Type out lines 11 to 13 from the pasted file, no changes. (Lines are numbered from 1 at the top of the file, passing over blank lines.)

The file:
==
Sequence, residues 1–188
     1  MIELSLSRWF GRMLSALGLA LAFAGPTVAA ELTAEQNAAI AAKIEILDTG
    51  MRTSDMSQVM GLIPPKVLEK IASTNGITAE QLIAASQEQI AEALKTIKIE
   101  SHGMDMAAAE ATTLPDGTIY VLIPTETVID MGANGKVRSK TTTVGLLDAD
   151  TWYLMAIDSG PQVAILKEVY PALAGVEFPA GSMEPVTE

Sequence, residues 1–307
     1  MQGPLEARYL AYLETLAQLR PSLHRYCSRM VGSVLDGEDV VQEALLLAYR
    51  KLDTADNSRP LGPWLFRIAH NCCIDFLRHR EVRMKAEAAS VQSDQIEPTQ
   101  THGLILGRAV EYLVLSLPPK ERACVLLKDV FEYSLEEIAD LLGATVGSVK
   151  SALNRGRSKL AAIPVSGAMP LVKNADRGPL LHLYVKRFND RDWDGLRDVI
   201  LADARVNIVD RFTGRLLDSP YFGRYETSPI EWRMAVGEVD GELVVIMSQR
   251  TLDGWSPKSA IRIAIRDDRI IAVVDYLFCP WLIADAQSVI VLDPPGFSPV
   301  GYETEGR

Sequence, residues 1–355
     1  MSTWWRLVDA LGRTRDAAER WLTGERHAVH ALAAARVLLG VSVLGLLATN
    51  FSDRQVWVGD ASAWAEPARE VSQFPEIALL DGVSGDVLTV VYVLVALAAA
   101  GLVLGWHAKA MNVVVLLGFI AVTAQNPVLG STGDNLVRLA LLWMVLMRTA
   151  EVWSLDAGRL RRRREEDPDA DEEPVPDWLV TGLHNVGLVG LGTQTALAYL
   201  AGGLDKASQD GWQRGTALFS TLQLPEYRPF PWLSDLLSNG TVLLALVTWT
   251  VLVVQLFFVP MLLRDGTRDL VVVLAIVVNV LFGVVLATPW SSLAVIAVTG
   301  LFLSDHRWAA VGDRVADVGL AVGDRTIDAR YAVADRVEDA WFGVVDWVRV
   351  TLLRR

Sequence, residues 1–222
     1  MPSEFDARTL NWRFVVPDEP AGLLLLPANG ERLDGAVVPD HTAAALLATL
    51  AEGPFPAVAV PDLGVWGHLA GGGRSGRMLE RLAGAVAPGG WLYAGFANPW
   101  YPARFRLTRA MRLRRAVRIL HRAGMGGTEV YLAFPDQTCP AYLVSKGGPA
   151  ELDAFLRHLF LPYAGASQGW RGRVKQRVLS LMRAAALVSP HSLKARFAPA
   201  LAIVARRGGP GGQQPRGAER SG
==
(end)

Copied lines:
   201  LADARVNIVD RFTGRLLDSP YFGRYETSPI EWRMAVGEVD GELVVIMSQR
   251  TLDGWSPKSA IRIAIRDDRI IAVVDYLFCP WLIADAQSVI VLDPPGFSPV
   301  GYETEGR